Wednesday, February 22, 2012

The Accidental Pilgrim: Thoughts for Ash Wednesday During Oscars Week


Thinking about The Tree of Life and The Way reminded me that I stumbled very unintentionally upon two pilgrimage sites when I was traveling for other purposes. I thought of myself as an Accidental Pilgrim, a twist on The Accidental Tourist, the novel by Anne Tyler and movie staring William Hurt from the 1980s. I read the book, and have vague memories of appreciating its depth.



Then it just so happened that the movie was on Ovation last night just as I was writing about this. What are the odds!? It was nominated for four Academy Awards in 1988: Best Picture, Best Adapted Screenplay (Lawrence Kasdan), Best Original Score (John Williams), and Geena Davis, who won Best Supporting Actress for her performance. “Best pictures” were a very different breed back then. It seems very slow and leaden in 2012.

Perhaps some day I’ll make a movie about the Accidental Pilgrim.

Studying Chaucer’s The Canterbury Tales is the closest many Americans get to medieval pilgrim sites, without a concerted effort.

Which is why I was so surprised when I found myself at two centuries-old places that millions had considered holy and sought out at great cost of time and energy to visit, looking for something: healing, grace, hope.

France: Rocamadour

In 1998 I was on a Butterfield and Robinson bike trip of the Dordogne, France’s most interesting and beautiful region, and much less traveled than Bordeaux and Provence. The last leg was a ride from the bastide de Domme to the Chateau del la Treyne, a 14th century castle perched on the cliff overlooking the Dordogne River surrounded by endless sunflower fields. The next day was a circle ride, out and back from the Chateau. The destination was Rocamadour.

I didn’t read anything about it; this trip was about bicycling, not about thinking or having to read up on anything. As we cycled up one long, steep hill, a wildly imposing city complex of abbeys, churches, and town buildings carved into cliffs  slowly came into view. The guide told us that this was a very popular 12th century pilgrimage site for pilgrims on their way to Rome, Santiago de Compostela, or Jerusalem, known for its healing powers.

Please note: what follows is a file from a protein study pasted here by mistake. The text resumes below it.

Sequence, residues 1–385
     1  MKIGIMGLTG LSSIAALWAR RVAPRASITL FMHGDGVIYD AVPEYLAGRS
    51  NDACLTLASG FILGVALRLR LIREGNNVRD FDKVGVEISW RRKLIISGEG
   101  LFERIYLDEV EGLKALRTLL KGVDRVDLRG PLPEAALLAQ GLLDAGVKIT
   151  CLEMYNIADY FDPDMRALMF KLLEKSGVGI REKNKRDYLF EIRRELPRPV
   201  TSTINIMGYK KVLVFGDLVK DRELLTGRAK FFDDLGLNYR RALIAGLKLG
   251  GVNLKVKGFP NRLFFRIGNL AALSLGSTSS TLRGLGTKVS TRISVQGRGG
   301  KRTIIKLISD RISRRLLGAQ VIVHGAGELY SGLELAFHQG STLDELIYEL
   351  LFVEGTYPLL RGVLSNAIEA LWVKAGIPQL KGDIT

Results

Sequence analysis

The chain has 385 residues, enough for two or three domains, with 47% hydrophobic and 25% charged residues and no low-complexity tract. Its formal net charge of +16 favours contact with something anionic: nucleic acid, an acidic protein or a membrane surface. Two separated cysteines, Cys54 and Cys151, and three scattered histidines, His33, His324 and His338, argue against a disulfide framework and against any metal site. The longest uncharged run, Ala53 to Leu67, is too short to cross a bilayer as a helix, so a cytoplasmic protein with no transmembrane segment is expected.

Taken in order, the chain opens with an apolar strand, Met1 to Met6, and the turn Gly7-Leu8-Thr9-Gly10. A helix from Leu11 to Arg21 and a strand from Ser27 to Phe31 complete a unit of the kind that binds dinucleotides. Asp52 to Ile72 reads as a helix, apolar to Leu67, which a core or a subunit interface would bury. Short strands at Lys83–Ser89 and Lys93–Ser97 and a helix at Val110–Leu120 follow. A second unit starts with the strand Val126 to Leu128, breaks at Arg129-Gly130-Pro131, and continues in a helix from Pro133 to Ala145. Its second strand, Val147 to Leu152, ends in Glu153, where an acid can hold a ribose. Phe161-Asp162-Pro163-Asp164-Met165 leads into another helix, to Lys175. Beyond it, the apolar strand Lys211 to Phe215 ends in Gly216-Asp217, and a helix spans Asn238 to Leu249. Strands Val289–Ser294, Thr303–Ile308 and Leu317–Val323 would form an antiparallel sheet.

We entered the city and parked the bikes to look around.

I was completely startled when I saw a small sign pointing to Chapelle Notre Dame. At the time I was singing in the Notre Dame church in New York, near Columbia University, where I was learning polyphony under the patience of David Schofield.

The first difficult, modern motet I learned a few years earlier with David was Poulenc’s Litanies à la Vierge Noire. We did it as a trio, with me as alto, and the soprano Barbara Geach (whose story I think I will one day tell). What I hadn’t noticed on my copy of the music, and only learned after I was back home, was that this Litany was to the Black Virgin of Rocamadour! And now here I was, in that chapel.

How strange.

AND, I later learned that Poulenc had had a “reversion” experience in this chapel, rediscovering a deep belief in Catholicism. He had made the pilgrimage to Rocamadour in 1936, distressed by the death of another young composer and looking for solace, which he found. After his visit he began writing exceptional liturgical music until he died.

What a surprise to stumble on this holy place with all these connections to my life, even though I didn’t connect all the dots at the time. And I did find healing on that trip from a crushing heartache (no, not The Talented Mr. Ripley, this was years before that). At the time I assumed it was the strenuous exercise, exorcizing the disappointment, and seeing the elan of the French in the Dordogne. We ate lunch in a small restaurant in a tiny village, where a group of factory workers were eating.  A sit-down lunch, with some wine, talking and laughing. Most urban Americans I know eat at their desks. I was re-energized by seeing that much LIFE in such an easy, natural expression.

And yet.  Maybe the chapel had something to do with it. Our Lady is very powerful . . . .

Spain: Santiago de Compostelo

My second unplanned pilgrimage site was Santiago de Compostela. I was on a tour to northern Spain and Portugal with Davidson Singers in 2002. I signed up because we were going to sing at the Bibao Guggenheim, but singing in Compostela was also on our itinerary, not in the cathedral, but in a cultural center.

The cathedral is impressive. I watched as various groups of young pilgrims finished the Camino, walking or bicycling to the front of the Cathedral to have their group picture taken. I didn’t see anyone on a donkey, the third legitimate mode of travel to be considered a pilgrim. But again,  here I was a tourist at a pilgrimage site.

Ashes to Ashes
I don’t know that I will ever decide to make a journey as a pilgrim. The idea of a holy place doesn’t have that much meaning for me. Every place there is life there is holiness, and we are on the Camino every day.

I like to think that there may have been some accidental grace at work in my accidental pilgrimages, and that is sometimes the best kind.

2 comments:

Phyllis said...

Lovely reflections......thank you! Sang the "Litanies" many years ago (not as a soloist!) and it was truly a mystical experience. So few people know that transcendent music.

M.A.Peel said...

Phyllis, I'm so glad you know the Poulenc!